Wells Drying Up

By: Beth Shayne Email
By: Beth Shayne Email

Like dried up corn stalks and brown front lawns, a busy season for well drillers is a sympton of drought.

"Last week, I went to turn on the faucet and there was just a trickle," Tonya Pierman explains.

The well that feeds her home in Bath went dry last Friday. She called Dyer Well Drilling, like many neighbors and other people in the area before her.

In DeWitt, Williamston and Bath especially, they've been busy lowering wells and replacing burned out pumps.

"There is not enough water pressure, enough flow and it's lowering the tables in the well," Gordon Reeder, a service tech with Dyer, explains. He says low water in the Great Lakes makes low water tables all over the state, which means many wells simply aren't deep enough.

The cost to replace and lower the pump means reaching deep, deep into your pocket. Pierman's work was $1,200 dollars.

The problem at this point is so bad it's meant Dyer is even digging new wells, for customers who'd done fine with shallow--say 75 foot wells--in the past.

What's more it's not a trend that's easily reversed.

"If it rains right now," Reeder says, "it's still a long time before that rain gets into the table itself."

It likely won't get better until both, a rainier season, and a cooler one.


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Comments are posted from viewers like you and do not always reflect the views of this station.
  • by Gwen Location: Holt on Aug 15, 2007 at 05:55 AM
    Can someone explain how water is "drilled" for? Doesn't it lay in a big lake under the ground like oil, just waiting for someone to tap into it? What does rain have to do with the amount of water in the ground?
  • by Sharie Location: Hart Well Drilling on Aug 14, 2007 at 02:46 PM
    I am concerned that area residents will think that their well is in danger of drying up. I can assure you that in most cases, especially in mid- Michigan, this just isn’t going to happen. In most cases where customers call with no water or low pressure, it is going to be a maintenance issue. Anything from a worn pump to a plugged water filter in their basement. Does the water table fluctuate? Yes, but usually measured in inches, not enough to affect most properly constructed wells. The water level is usually cyclical, as is the Great Lakes. Most wells in this area terminate in the bedrock, which has little influence from the amount of rain we have had this summer. Other factors can influence the water level in a well, large capacity pumps in the area or new sub divisions being built, both by drawing large amounts of ground water can lower the water level in a well. But this is a whole other can of worms.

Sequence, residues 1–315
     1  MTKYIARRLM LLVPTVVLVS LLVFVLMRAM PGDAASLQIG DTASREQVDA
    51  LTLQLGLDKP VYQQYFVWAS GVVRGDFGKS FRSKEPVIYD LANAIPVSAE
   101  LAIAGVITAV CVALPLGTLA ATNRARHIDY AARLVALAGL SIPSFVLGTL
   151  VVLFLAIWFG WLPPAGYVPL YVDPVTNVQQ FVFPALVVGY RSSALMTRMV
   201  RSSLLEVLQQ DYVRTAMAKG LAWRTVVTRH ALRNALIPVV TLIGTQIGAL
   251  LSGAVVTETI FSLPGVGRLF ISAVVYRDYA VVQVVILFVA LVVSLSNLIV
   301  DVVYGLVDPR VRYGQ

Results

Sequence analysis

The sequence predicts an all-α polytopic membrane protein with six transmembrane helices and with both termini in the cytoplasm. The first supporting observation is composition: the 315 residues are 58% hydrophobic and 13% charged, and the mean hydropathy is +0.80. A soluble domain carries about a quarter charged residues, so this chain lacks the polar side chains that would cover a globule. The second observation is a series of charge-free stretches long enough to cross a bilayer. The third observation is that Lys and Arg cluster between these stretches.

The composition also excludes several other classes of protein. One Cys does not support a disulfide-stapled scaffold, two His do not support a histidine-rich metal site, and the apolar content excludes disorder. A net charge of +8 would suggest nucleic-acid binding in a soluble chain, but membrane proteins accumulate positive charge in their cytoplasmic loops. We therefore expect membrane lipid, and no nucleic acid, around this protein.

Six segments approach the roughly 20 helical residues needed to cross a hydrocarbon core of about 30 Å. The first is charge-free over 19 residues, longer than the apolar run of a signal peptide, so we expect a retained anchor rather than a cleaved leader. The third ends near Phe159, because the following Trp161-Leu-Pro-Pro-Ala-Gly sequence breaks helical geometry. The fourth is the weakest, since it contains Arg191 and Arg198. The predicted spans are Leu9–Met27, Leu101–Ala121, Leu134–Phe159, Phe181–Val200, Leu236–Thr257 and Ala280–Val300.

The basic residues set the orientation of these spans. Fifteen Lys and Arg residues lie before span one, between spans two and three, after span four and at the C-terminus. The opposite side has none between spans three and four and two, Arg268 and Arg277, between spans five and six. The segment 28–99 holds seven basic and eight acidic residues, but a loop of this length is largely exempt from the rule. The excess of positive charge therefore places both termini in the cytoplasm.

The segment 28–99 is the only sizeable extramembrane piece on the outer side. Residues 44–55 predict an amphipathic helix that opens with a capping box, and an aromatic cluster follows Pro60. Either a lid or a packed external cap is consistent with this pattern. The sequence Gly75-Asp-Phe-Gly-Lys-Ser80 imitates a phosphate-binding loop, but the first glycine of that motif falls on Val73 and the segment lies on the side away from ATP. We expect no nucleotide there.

• by Kristen Location: Onondaga, MI on Aug 14, 2007 at 10:19 AM
    Please tell me how a well can just dry up from the lack of a few inches of rain. I don't understand the sudden lack of water even though it hasn't rained normally this summer. Why is it just a few wells drying up and not everyone's? Is there a danger of city water supplies drying up also? What is being used as a factual basis for this information? Is this just a scam to scare people into spending money when they don't have to?
  • by Travis Location: Holt on Aug 14, 2007 at 03:55 AM
    Thank you so much for airing this broadcast. It really helped us to understand what is happened with our well. We would really enjoy a follow up on this story, like what to expect when a company comes out and drills a new well so we can be prepared with our questions. We moved from the city out to the country and like most of our neighbors, we all take our water for granted having gotten used to city water.
  • by Nick Location: Laingsburg on Aug 13, 2007 at 08:24 PM
    Dyer Well has put in a couple wells for my family and darn good ones I might add. I haven't had a problem but I understand the exceptionally dry weather can affect the water table. Mike Dyer is customer oriented - quick service and customer satisfaction.
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